"reasonably", a defence to a defamation action will exist.

Key Materials

       Cohen v McEvoy (2001) 122 LGERA 15

       M Hayes, "Knowing when to speak your mind", Councillor (September/October
        2004) pg 40

                    Part B – Negligence and Breach of Statutory Duty

To make out negligence, a claimant must prove:

1.      the existence of a duty of care;

2.      the breach of that duty;

3.      the necessary causal connection between the breach and the loss or damage
        suffered by the claimant; and

4.      loss or damage which is not too remote a consequence of the breach of duty.

         In cases of personal injury or property damage, the application of these criteria is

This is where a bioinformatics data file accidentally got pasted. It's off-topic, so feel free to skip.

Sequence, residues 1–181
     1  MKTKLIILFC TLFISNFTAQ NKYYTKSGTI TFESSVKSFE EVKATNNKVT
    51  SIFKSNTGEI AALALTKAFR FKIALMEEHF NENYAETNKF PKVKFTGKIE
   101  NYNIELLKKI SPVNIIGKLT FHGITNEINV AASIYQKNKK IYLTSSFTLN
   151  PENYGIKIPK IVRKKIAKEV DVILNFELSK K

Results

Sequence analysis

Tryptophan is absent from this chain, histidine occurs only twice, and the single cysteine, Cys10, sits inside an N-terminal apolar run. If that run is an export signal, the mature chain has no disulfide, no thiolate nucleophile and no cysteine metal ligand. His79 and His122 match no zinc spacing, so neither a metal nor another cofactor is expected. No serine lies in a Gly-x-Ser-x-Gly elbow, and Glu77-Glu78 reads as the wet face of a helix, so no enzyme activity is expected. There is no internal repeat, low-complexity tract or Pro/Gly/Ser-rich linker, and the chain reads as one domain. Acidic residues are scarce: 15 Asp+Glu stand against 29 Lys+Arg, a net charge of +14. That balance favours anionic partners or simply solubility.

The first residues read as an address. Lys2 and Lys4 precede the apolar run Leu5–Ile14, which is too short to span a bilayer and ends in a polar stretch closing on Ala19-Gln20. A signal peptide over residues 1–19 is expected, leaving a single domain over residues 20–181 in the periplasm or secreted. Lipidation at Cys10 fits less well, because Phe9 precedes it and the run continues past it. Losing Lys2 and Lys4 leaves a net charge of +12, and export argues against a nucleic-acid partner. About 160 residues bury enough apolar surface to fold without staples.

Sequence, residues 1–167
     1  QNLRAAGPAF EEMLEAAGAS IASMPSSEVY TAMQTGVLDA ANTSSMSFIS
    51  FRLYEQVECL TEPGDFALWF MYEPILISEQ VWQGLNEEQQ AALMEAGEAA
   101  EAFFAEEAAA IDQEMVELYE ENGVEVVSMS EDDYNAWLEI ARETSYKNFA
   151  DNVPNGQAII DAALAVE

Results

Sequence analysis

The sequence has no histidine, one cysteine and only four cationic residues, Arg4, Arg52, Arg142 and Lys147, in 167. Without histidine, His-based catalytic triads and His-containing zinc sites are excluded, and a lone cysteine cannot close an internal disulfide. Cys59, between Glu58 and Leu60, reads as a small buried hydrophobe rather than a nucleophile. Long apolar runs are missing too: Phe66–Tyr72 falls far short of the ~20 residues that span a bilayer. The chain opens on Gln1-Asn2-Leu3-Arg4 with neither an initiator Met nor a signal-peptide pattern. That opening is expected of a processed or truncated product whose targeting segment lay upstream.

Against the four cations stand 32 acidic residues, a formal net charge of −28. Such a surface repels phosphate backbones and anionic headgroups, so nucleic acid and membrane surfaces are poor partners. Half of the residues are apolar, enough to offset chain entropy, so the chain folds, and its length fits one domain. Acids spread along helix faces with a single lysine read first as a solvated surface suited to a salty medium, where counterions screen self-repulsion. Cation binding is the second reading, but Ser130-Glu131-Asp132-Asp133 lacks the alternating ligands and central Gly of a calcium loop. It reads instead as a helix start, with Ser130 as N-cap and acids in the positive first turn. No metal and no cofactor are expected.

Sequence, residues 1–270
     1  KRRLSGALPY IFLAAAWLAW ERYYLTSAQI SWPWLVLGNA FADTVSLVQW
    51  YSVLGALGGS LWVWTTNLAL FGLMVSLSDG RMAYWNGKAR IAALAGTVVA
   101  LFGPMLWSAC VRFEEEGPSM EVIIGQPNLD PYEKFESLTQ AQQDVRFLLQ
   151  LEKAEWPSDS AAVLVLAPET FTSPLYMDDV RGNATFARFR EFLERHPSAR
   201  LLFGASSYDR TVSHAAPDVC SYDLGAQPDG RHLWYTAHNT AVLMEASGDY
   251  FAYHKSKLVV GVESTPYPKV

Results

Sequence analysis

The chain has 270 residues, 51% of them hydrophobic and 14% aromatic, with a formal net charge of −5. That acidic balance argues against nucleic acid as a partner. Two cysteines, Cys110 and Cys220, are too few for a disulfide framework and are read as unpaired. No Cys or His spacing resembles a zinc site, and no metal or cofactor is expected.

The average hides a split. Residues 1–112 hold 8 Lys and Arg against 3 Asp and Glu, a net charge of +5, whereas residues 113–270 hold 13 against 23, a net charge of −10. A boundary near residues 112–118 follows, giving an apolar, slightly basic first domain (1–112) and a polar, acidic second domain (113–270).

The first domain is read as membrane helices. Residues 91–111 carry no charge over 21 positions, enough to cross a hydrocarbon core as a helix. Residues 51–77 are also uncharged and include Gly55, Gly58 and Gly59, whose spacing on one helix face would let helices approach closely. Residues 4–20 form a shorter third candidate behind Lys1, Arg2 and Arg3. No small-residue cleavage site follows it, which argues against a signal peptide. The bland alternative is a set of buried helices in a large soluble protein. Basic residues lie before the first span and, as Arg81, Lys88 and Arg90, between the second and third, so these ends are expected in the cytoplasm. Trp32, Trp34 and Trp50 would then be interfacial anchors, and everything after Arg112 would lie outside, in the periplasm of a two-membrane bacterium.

often less than complex. Much depends upon the reasonable foreseeability of loss
         or damage being sustained, and the standard of care expected of a reasonably
         competent council.

         More complicated are cases where pure economic loss is claimed              (eg a less
         valuable building, occasioned by a defect which should reasonably           have been
         detected) and where the negligence is said to arise from failure to         exercise a
         statutory power. Australian courts have grappled with what, other than      reasonable
         foreseeability, should generate the existence of a duty of care.

         The legislature has also been active in recent times. In response to considerable
         pressure from the community and public authorities, legislative reform has
         attempted to diminish public bodies' exposure to liability.

         The tort of breach of statutory duties is separate from the tort of negligence. It is
         enlivened whenever a council breaches a duty imposed by legislation. Not every